1. Oh yes, there’s no bullying in youth football.

    2. Just make sure Steve Smith isn’t the coach.

      1. imagine all the rape comitted by 10 – 12 year olds on the feild if it were so.

        1. RAPE LEFT! RAPE SLOT! 14 RAPE 78! RAPE SAN DIEGO! HUT HUT — RAPE!

          1. And you think you have a shitty job.

            *wah wah waahhhh*

  28. While terribly late to this interesting thread, I must assert that the lot of you know nought when it comes to the Daddy-Rabbit of all time when it comes to team sports. And while most will have no idea what I speak of, I hear proclaim that HURLING is without a doubt the most demanding sport among the many varieties which concern athleticism… anyway- enjoy the weekend…

    1. The only interesting thing about hurling is the visit to the pub afterward.

      1. Hurling is what you do AFTER the pub crawl.

        1. prolefeed, I see you have spent time in Ireland.

          1. I have spent time as a part-Irish wastrel youth — wherever you are, one brings Ireland with them in those circumstances.

    2. I think you mean “curling”, right?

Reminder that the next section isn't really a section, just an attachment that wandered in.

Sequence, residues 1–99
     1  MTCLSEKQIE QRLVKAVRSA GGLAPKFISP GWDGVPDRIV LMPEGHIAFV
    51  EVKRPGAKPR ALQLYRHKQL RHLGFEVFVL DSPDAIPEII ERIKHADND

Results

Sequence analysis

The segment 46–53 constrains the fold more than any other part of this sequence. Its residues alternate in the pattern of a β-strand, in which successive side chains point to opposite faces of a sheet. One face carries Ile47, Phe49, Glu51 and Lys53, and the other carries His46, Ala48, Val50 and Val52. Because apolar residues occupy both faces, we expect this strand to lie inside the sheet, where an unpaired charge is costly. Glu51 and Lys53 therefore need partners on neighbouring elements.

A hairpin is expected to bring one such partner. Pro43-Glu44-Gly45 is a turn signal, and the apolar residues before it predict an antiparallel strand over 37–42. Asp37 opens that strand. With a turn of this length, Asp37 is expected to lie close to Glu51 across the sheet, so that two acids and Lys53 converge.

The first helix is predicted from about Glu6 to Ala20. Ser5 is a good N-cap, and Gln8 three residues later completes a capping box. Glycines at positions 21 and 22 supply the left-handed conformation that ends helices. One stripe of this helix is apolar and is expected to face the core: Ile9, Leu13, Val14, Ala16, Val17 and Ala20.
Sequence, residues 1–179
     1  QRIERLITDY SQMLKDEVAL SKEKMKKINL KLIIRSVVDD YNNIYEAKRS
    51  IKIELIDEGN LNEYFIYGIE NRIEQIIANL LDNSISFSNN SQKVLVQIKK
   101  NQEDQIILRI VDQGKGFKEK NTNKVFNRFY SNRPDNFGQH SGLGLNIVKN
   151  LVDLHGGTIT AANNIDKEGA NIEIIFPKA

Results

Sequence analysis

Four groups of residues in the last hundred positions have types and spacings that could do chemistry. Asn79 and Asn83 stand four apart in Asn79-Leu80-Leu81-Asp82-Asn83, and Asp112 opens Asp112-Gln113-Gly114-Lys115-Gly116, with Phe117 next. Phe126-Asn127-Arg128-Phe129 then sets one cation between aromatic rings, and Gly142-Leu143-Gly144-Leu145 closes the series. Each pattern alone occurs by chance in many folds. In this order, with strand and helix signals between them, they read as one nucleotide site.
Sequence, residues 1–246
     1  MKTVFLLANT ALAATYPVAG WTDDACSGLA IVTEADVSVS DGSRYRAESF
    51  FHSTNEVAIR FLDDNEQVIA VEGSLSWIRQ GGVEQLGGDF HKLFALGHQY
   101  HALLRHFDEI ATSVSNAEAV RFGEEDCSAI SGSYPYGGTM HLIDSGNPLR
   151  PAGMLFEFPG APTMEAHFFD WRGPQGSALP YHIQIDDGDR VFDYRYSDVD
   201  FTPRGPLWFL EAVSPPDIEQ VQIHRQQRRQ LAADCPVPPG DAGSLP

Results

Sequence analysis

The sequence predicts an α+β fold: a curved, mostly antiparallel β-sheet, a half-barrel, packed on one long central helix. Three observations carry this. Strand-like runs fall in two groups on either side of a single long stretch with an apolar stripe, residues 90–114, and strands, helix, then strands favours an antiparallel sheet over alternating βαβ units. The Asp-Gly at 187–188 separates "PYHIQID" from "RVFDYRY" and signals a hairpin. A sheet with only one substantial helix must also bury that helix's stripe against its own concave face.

29. Wrong. Think of an Irish Harry Potter on the ground with short fat hockey sticks and plenty of mud.

    1. Uh, no thanks. An Irish Hermione, I could do.

  30. It’s a real man sport Tulpa. Stick to t-ball 😉

  31. Wow, now that makes a whole lotta sense!

    Hess
    http://www.isp-logging.net.tc

    1. Funny you should show up. You really are the classic hurler on the ditch.

  32. Soccer is football’s gay cousin as Hart said.

    I really enjoyed this column, it weaves between the factual and funny. He is a good writer, and very bright.

  33. Seems to me like these guys are over paid and over rated.

    Jess
    http://www.isp-logging.net.tc

  34. Tulpa is right. The people who can’t appreciate the strategy of Football are the ones who do not understand how Formations work.

    American Football features the fastest, strongest, sharpest minds in sports hands down. Regular football is good but it’s not nearly as complicated and it doesn’t showcase nearly as many talents.

    1. If the novel “North Dallas Forty” bears even a slight resemblance to reality, then your theory about the brightest minds in sports is questionable.